So, maybe you’re thinking about moving to Peru or you’re just curious about what apartments are like there. Well, welcome to Part 2 of Living Abroad: My Apartment in Peru. If you haven’t seen Part 1 yet but would like to, just click here. There you can check out the video tour as I walk-through my apartment giving a little commentary on each room. However, in Part 2, I’ve shared a new video slide show and a few pictures below that you can also view in more detail on Flickr. Plus, I’m going to share a little more information about apartments in Peru.
In Peru, 1-bedroom apartments are not always easy to find and are usually more costly than apartments with more than one room. In fact the apartment I was initially planning to rent was a 2-bedroom with 2 bathrooms which was cheaper than the 1-bedroom I decided to rent, and it included the internet, water and I believe electric bill already figured into the rent. Traditionally, most Peruvians live at home with their families until they marry, whenever that shall be. However, even if one moves away from home, most still opt to live with roommates instead of living alone. For that reason, you will mostly find apartments with two or more rooms. However, there are other types of housing to choose from besides apartments including hostels, homes and boarding houses (with private rooms and bathrooms but sharing other rooms, like the kitchen). As a matter of fact, when I first arrived in Peru, I stayed in two hostels (one in Lima when I made it there and another that my employer set us up in, paying for the first two nights) until I found my apartment. In both, I had a private bedroom and bathroom.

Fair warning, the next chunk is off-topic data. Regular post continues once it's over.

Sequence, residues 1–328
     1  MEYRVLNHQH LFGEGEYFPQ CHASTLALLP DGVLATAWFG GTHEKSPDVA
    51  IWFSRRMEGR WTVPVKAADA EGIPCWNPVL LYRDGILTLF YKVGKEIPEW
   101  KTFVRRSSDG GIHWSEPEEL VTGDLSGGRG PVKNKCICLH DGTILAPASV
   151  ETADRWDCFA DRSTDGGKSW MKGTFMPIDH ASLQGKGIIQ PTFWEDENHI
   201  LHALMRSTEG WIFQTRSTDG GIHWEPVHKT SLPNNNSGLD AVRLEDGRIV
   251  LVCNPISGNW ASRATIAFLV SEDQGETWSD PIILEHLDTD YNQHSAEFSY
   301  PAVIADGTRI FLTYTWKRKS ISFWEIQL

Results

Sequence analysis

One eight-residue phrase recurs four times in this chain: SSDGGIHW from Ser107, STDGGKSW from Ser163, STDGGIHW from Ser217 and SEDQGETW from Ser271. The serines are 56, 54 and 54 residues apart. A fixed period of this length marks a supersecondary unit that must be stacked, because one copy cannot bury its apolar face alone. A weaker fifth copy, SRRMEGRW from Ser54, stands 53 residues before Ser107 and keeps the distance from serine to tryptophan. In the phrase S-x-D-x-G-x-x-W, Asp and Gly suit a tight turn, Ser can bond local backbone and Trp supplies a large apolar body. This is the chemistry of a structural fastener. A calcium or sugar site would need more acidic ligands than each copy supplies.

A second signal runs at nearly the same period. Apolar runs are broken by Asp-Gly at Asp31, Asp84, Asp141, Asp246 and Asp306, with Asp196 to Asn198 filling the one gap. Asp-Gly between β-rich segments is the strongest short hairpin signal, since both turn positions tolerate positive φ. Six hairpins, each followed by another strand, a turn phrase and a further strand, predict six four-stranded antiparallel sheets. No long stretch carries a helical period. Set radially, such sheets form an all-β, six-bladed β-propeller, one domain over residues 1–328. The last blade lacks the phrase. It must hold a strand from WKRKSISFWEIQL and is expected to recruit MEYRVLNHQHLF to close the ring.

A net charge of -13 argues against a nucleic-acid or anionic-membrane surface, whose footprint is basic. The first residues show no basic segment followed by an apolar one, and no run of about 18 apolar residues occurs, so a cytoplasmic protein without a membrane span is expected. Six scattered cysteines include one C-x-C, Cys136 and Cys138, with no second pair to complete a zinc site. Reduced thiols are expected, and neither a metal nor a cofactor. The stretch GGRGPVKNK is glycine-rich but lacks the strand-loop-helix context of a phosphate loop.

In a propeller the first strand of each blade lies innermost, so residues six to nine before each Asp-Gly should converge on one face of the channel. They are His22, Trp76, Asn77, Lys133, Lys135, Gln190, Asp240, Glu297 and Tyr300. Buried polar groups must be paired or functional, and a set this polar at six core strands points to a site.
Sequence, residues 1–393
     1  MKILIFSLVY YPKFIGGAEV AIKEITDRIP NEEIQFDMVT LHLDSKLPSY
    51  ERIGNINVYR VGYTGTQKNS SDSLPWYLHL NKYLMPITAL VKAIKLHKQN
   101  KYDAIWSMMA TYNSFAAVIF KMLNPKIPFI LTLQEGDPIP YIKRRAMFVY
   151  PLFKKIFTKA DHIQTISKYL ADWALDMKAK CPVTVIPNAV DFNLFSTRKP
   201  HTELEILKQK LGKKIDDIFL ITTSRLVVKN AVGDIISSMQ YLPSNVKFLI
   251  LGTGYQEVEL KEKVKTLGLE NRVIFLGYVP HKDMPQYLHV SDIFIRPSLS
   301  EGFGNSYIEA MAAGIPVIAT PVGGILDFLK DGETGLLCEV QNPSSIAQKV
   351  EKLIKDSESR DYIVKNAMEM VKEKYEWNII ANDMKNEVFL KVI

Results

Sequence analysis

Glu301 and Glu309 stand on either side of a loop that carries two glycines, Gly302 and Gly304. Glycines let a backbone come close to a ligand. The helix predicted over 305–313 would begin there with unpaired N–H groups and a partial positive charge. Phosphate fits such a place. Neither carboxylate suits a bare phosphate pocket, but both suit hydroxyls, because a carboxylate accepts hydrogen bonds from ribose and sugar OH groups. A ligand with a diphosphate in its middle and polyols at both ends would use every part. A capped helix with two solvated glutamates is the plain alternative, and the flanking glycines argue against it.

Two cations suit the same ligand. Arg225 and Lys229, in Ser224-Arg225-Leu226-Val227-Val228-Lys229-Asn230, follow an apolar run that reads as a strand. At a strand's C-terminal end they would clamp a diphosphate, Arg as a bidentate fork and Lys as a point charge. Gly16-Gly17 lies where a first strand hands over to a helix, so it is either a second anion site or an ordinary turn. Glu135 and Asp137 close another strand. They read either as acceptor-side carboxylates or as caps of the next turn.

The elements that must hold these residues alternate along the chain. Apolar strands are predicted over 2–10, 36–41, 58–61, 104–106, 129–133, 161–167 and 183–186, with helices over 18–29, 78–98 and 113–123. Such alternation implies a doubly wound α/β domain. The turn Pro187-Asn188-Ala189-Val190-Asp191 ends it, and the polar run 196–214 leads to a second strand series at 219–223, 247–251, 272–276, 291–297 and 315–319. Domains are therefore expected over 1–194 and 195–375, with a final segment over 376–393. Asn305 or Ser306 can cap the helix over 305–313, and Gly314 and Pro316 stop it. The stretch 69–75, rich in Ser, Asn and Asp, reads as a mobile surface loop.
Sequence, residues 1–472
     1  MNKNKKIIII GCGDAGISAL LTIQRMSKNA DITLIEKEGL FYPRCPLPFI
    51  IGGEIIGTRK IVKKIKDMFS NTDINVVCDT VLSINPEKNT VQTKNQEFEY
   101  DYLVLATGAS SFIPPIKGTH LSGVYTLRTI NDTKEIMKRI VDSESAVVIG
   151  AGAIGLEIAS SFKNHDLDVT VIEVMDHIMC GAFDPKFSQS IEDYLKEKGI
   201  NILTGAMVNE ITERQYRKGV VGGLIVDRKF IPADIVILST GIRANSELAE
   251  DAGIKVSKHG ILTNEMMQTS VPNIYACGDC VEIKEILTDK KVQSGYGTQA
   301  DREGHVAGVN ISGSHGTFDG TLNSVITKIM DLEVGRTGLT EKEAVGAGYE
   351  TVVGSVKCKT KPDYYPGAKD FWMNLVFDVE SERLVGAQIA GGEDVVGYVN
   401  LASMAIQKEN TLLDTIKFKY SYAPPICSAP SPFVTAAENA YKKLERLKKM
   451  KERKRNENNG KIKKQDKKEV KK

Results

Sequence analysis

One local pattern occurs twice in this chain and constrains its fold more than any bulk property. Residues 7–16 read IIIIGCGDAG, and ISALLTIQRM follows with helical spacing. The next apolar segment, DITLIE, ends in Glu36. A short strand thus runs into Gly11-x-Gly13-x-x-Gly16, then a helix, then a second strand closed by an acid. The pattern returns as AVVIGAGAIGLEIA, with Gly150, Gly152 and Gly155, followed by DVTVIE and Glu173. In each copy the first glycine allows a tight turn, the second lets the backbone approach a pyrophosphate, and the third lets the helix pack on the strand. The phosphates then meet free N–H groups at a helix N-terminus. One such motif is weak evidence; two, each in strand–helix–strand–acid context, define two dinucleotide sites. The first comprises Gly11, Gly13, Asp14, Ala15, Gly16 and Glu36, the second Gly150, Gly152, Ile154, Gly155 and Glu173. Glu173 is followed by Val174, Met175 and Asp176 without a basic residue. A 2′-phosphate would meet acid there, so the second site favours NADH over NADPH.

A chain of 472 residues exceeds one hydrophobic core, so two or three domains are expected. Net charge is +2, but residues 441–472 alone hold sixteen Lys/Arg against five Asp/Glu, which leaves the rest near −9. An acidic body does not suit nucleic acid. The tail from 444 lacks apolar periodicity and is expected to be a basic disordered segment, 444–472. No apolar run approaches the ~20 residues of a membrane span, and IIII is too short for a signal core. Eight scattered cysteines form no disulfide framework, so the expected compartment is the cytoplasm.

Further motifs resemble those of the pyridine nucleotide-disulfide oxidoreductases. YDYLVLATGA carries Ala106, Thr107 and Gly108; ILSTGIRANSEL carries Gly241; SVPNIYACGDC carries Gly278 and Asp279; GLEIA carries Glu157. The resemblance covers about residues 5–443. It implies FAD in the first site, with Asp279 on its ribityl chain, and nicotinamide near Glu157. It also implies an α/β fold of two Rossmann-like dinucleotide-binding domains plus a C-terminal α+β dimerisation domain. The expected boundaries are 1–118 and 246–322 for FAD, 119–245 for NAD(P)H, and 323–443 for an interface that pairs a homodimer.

Now, let’s get back to apartments. Depending on who you rent from, you may have to pay for utilities as I did. I paid for electricity, water, trash, internet and phone, in addition to my rent. To alleviate some costs, I decided for my owner not to provide cable, as it would have been added to my rent, and I don’t really watch much television anyway.
The most expensive utility in Peru is electricity. Peruvians try to reduce this cost as much as possible. Most homes and buildings have solar-powered water heaters. Of course, you know with these, the hot water runs out eventually as it’s used for the day. Plus, you have those days where there’s no sunshine which translates to no hot water. Fortunately, for me, I didn’t have to worry about that because I had an electric water heater. So, all I had to do was turn it on at least an hour before I wanted to take a shower or wash my hair and turn it off afterwards. Usually, it would heat up several gallons of water, so this could last for a day or more without me turning it on again which can be seen as yet another money-saving action to reduce the use of electricity.